Norway killer Breivik goes on trial in Oslo
The man responsible for killing 77 people in Norway last summer, Anders Behring Breivik, goes on trial in Oslo on Monday, with his guilt already established, but with the court due to rule on his sanity.
On 22 July 2011, a car bomb was set off in the centre of the Norwegian capital Oslo, killing eight people. The man responsible, a right-wing extremist, escaped the scene and two hours later went on a shooting rampage, targeting a political summer camp on the island of Utoeya, claiming another 69 lives.
It was among the worst acts of mass murder ever carried out by a terrorist acting alone. Over the next 10 weeks, the people of Norway will have to relive the horrors and agonies of that day as the trial unfolds.
Perhaps hardest of all, they will have to hear Breivik, with his pronounced anti-Islamic views, attempt to justify his crimes - crimes that seem as senseless as they were brutal.
Many who died on Utoeya were teenagers, members of the Norwegian Labour Party's youth wing, gunned down indiscriminately in the middle of their summer holidays.
"In one place I saw over 10 bodies - very young people just being butchered," said one survivor, Sam Muyizzi.
In the months that followed, a great deal of criticism was directed against the police in Norway for their alleged failure to respond effectively to Breivik's attacks.
The police commander who directed the response, Einar Aas, has revealed the scale of the confusion that reigned in the first hour after the Oslo bombing.
"We hadn't a clue who or what we were dealing with or the underlying motive," he told the BBC in his first international TV interview.
"That's why we wanted to get people off the streets and away from public places. We had to avoid more people being injured or killed."
Fearing further bombings, Oslo's police chose not to seal off the city and instead encouraged people to leave.
It was a fateful decision. Breivik was among those able to leave Oslo and continue to his next target.
Two hours later, came the first reports of shootings on the island of Utoeya.
Delta Force, Norway's elite anti-terrorism commandos, were ordered to the scene. But no helicopter capable of transporting them was available.
Instead, Delta had to drive the 40km (25 mile) journey, through winding mountain roads and Friday rush-hour traffic. It took them 40 minutes. Throughout that time, the young people on the island were defenceless.
There was more delay when they arrived on the shore opposite Utoeya, believing that they faced more than one gunman.
Delta filled the only police boat available with officers. The boat was overloaded, took on water and eventually stopped.
Delta had to be rescued by a local boatman. Once they reached the island, Breivik surrendered.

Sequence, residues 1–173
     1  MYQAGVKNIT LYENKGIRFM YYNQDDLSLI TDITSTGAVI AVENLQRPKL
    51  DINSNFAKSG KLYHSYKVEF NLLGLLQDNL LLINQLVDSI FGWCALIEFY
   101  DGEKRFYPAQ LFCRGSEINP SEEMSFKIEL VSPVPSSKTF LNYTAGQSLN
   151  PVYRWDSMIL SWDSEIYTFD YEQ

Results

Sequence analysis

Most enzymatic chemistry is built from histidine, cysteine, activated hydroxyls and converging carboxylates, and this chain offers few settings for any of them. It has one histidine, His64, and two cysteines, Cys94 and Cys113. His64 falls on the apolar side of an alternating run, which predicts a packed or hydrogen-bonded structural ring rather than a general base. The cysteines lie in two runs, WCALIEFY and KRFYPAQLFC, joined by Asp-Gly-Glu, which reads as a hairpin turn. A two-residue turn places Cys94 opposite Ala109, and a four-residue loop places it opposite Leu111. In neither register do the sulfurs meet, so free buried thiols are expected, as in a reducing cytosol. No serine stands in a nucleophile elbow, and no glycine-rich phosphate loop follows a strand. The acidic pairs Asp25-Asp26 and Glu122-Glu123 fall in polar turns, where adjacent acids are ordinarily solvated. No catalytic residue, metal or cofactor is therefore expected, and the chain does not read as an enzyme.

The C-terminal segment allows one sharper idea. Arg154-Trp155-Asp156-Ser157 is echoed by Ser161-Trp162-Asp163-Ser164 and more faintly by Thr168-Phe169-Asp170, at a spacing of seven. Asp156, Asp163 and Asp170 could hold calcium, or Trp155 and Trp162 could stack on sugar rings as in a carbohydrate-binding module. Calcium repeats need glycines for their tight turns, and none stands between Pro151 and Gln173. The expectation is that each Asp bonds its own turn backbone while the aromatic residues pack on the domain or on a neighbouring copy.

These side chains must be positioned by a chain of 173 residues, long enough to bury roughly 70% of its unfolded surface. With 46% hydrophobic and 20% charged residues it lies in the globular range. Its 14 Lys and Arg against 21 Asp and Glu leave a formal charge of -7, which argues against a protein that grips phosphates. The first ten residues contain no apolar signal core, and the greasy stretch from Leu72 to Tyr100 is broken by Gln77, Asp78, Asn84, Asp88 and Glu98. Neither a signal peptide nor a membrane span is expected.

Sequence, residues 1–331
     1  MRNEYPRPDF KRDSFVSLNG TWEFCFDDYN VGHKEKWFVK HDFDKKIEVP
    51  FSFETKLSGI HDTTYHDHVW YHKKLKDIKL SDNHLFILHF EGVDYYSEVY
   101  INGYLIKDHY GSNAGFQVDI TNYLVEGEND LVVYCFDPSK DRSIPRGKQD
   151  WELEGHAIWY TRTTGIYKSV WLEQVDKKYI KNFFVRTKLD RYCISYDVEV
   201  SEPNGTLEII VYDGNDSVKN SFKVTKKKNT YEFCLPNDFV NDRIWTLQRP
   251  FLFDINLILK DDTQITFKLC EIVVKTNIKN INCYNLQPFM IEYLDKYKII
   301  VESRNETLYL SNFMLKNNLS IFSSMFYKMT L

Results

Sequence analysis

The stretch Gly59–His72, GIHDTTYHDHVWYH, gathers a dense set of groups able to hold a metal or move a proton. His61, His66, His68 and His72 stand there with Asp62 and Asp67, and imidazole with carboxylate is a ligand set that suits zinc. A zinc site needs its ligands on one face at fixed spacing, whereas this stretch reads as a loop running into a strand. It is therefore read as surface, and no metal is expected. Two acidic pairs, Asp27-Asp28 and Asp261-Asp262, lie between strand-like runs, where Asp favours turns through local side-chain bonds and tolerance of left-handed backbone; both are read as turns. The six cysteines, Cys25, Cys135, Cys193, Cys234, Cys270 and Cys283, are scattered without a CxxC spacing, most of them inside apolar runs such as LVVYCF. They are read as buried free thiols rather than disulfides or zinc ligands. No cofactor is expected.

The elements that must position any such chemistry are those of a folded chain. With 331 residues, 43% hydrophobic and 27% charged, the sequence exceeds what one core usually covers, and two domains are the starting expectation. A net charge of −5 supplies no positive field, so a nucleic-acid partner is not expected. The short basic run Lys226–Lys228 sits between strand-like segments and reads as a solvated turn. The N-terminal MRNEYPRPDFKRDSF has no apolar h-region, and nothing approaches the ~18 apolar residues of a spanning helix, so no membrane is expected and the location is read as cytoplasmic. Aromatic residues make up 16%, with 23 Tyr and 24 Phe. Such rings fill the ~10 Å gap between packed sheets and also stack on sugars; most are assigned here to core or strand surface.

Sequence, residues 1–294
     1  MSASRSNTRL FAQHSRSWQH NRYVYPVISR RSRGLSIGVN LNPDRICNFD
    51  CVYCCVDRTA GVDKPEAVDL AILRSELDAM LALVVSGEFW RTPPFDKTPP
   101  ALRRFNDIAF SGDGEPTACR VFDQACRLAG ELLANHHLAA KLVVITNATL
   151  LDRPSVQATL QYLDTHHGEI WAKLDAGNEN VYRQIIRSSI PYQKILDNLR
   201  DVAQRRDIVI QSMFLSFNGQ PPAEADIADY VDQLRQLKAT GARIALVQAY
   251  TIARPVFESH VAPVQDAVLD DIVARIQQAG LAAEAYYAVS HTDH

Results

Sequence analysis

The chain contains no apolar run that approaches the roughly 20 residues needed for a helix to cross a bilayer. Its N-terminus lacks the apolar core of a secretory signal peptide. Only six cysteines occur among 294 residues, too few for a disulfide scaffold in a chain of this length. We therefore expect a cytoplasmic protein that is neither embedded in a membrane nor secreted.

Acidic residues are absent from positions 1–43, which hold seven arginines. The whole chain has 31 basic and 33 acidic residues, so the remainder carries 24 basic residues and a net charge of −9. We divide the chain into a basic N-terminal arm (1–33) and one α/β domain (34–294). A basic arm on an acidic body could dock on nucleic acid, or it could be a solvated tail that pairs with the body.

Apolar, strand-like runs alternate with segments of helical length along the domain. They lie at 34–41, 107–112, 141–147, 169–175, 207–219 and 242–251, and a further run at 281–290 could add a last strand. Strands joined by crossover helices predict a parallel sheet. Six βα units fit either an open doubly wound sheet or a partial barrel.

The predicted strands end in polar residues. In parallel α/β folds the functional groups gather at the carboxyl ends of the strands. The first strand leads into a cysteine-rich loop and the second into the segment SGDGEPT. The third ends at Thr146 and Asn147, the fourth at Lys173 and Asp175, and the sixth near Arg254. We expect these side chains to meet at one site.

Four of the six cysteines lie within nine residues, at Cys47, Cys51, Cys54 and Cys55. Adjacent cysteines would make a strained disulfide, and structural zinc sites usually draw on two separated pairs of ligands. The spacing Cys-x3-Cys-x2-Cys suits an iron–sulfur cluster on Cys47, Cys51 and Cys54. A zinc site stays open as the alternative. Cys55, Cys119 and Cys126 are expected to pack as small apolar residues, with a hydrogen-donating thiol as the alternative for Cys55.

"I fully understand that one minute, one second, one life is entirely too much in this situation," said Terje (full name withheld), the operational commander of Delta Force on that day, in his first TV interview.
"We did the best we could to get out to that island as quickly as possible. I am proud of my team for the job that they did on that island."
Eight months later, the police and prime minister of Norway finally issued an apology for the failures of the response.
Yet some survivors believe the police are not the only ones who should have their actions on the day examined.
The waters around Utoeya are deep, cold and difficult to swim. When Breivik began shooting, the best hope of escape for the young people on the island was the ferry to the mainland. It was an old military landing craft, which could carry up to 60 people and was armoured against bullets.
Yet in the first few minutes of the attacks, the leader of the Labour Party's youth wing, Eskil Pedersen, fled on the ferry with only eight other people on board.
"It's easy to see that that's what people would have done in a situation like that. Most people would have run away," another survivor, Bjorn Ihler, told BBC Two's This World.
"But at the same time this was the leader of the group that was on the island and like a captain abandoning the ship."
In response, Eskil Pedersen said: "I think to discuss the choices people did, whether they were right or wrong, I don't think that's right to do. Because everyone tried to save their lives."
Inevitably, the role of Breivik himself overshadows these questions.
In his forthcoming trial, the issue of guilt is not in doubt. Breivik confessed moments after his arrest.
He claimed he had targeted the Labour Party because it promoted multiculturalism - a policy that he believed was bringing about a Muslim takeover of Norway and Europe.
The trial's primary purpose now is to establish if he was insane when he committed his attacks.
Two teams of court-appointed psychiatrists have assessed Breivik in prison. The first, whose report came out in October last year, concluded he was a paranoid schizophrenic whose vision of the world was delusional to the point of madness.
The second team, who reported this week, believed the opposite - that he was sufficiently sane to be held criminally responsible for his actions.
The judges must decide which report is correct.
Prison psychiatrist Dr Randi Rosenqvist who assessed Breivik personally three times in prison, makes it clear where she stands.
"The view that Muslims should leave Norway has nothing to do with psychosis," she says. "Also, the belief that Muslims will take control of Europe within 20 years is shared by many people without them being psychotic."
Throughout his upcoming trial, that is precisely what Breivik himself intends to prove.
This World: Norway's Massacre is on BBC Two at 21:00 BST on Sunday 15 April. Watch online (UK only) or check for repeats at the above link.